Last week we kicked off a series on security or computer honeypots by discussing the very basics. Some astute readers wanted to better understand some specific examples of honeypots. Generally speaking, there are various types of honeypots, but probably the most familiar are ones that are set up by famous consumer-facing anti-virus companies such as McAfee, Norton, Sophos etc. These are of course set up to find common malware that is directed towards individual computer users. This might include things such as a phishing attacks, bot infection and the like.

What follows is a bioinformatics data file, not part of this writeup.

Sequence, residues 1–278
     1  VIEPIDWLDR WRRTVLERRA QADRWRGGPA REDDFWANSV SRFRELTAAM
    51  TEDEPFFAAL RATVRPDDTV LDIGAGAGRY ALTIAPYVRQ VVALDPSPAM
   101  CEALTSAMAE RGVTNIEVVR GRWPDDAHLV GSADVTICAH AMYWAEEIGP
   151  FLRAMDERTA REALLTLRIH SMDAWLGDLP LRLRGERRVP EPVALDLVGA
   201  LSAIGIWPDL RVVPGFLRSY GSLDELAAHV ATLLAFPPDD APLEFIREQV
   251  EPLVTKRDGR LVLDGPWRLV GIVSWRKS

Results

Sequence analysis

By contrast, there is another class of honeypot that is almost invisible to the average person but is arguably more significant in terms of the types of attacks it attempts to thwart. I don’t think there is a common name for these, but let’s call them industrial honeypots. These honeypots are used to protect vital infrastructure such as the power grid, medical devices, automated vehicles, military systems and almost any other major system that is vulnerable to penetration by malicious actors. The principle is the same as any other honeypot, but sometimes security experts must go to extreme means to suss out bad actors. For example, they might set up an entirely fake air traffic control system interface (the honeypot) just to trick a hacker into believing they are compromising their real target and use that to capture or at least thwart a potential attack.
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